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Can settlement agreements be regulated credit agreements? High court decides

Can settlement agreements be regulated credit agreements, and are lenders at risk of falling foul of the provisions of the Consumer Credit Act 1974 (CCA)?

In CFL Finance Ltd v Bass & Others [2019] EWHC 1839 (Ch) the Court looked into whether settlement agreements need to comply with the CCA, and whether their enforceability can be challenged on these grounds.

Lenders can, for the time being, rely on this decision that structured settlement agreements are not regulated consumer credit agreements.


The debt action arose out of a loan given by CFL Finance Ltd (CFL) to Lanza Holdings Limited (Lanza). Lanza defaulted and CFL sued Moises Gertner (MG), a director of Lanza, on his personal guarantee for circa £1.7m.

The proceedings were compromised in a Tomlin Order under which MG agreed to pay £2m by instalments. It was a term of the Tomlin Order that if he failed to make payments then the entire amount would become due and payable. He failed to pay, and insolvency proceedings followed. CFL sought a bankruptcy order and took action to enforce the debt.

It was accepted by all parties that the schedule to the Tomlin Order was a contract. MG's primary argument was that this contract was a regulated credit agreement under the CCA, and as CFL had failed to comply with the mandatory requirements for regulated credit agreements, the Tomlin Order was unenforceable.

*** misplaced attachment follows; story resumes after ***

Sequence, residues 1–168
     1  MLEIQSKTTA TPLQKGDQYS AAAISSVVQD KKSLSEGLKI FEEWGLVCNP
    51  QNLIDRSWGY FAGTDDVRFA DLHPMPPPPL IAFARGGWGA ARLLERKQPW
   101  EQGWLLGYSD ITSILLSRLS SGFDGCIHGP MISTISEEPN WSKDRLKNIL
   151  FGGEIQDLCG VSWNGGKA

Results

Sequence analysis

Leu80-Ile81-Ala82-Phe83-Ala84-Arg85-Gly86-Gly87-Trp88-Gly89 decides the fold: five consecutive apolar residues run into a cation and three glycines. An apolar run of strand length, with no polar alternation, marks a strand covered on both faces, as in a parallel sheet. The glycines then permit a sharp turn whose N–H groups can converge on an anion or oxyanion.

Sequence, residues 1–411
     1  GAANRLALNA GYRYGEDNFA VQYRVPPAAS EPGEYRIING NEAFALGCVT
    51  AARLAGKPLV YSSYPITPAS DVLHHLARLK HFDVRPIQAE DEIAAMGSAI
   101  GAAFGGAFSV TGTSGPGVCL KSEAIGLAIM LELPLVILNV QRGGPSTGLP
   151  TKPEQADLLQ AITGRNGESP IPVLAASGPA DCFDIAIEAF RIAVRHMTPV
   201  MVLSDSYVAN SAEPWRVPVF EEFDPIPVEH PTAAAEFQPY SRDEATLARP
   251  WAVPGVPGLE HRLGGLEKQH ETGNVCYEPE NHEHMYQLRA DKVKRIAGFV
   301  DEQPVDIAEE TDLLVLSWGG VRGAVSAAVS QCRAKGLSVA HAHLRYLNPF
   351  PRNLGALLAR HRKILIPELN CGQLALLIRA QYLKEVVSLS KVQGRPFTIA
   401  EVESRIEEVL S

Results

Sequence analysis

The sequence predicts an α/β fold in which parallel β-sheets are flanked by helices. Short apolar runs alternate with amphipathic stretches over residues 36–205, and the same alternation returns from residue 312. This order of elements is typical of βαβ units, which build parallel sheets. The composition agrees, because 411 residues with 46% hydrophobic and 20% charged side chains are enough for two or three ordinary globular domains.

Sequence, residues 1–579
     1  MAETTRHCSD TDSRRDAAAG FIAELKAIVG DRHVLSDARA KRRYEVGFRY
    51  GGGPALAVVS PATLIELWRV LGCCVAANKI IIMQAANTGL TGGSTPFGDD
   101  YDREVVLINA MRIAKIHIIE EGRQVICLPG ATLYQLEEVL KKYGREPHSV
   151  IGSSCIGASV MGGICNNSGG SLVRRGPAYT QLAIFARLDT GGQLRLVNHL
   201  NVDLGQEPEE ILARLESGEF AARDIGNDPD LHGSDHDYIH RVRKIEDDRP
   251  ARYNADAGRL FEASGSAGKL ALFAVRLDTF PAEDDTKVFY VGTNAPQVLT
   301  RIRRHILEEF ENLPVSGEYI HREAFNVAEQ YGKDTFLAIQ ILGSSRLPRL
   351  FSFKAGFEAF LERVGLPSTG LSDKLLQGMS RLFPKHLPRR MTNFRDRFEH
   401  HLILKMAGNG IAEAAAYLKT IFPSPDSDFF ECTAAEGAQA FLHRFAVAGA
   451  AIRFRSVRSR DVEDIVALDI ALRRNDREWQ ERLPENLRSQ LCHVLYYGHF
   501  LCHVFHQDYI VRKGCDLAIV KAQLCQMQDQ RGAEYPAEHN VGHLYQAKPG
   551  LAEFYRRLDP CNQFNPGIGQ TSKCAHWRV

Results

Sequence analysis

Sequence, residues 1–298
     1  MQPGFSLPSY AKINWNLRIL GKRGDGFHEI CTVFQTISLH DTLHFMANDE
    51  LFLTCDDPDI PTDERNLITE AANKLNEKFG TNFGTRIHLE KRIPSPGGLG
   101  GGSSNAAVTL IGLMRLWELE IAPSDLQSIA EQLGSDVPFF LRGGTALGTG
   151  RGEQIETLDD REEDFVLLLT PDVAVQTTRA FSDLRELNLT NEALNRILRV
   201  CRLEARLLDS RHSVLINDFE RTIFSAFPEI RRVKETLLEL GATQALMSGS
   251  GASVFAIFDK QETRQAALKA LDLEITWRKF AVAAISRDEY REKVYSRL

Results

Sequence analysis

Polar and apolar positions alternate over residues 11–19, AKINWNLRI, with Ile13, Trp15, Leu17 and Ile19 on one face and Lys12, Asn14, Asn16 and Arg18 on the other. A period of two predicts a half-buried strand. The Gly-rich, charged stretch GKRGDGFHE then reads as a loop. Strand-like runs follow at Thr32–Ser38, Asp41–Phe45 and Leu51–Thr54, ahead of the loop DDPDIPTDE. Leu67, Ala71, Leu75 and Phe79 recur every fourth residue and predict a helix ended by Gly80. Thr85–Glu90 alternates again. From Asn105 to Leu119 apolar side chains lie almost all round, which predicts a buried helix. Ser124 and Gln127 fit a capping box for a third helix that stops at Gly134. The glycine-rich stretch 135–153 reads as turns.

In particular, MG challenged the debt on the basis that s.77A (duty to provide periodic statements) and s.86B (duty to provide notice of sums in arrears) of the Consumer Credit Act 1974 (CCA) had not been complied with. MG argued there was also an unfair relationship between the parties pursuant to section 140A of the CCA.

If his arguments were accepted, CFL would not have an enforceable debt.


s.9(1) CCA provides that "credit" includes a cash loan, and any other form of financial accommodation. MG argued that as the payment schedule defers payment, it is "credit" within the meaning of the CCA.

The Court considered decisions in past cases such as Dimond v Lovell [2000] 1 QB 216, in which it was held that "if payment for goods or services or land is deferred after the time when, if nothing about the time for payment had been agreed, the payment would be due, the payer is giving credit". Dimond was distinguished on the basis that in CFL's claim, there was no absence of agreement as to when MG's debt was due; it was due on the dates specified in the Tomlin Order. There was no agreement for payment to be deferred after the dates specified for payment in the Tomlin Order.

This may be open to challenge, as it appears that in Dimond the intention was that the Court should consider the hypothetical 'if there was no agreement as to the date for payment, then when would the debt have become due?' test, and then consider whether the time for payment had been extended beyond that date.

In Holyoake v Candy [2017] EWHC 3397 (Ch), it was accepted that a series of supplemental agreements rescheduling a loan were subject to consumer credit regulation. MG's debt owed to CFL was distinguished on the basis that in Holyoake the original loan was "a credit agreement as defined in s. 140C(1) as it was an agreement between Mr Holyoake, an individual, and CPC by which CPC provided Mr Holyoake with credit", as opposed to a personal guarantee.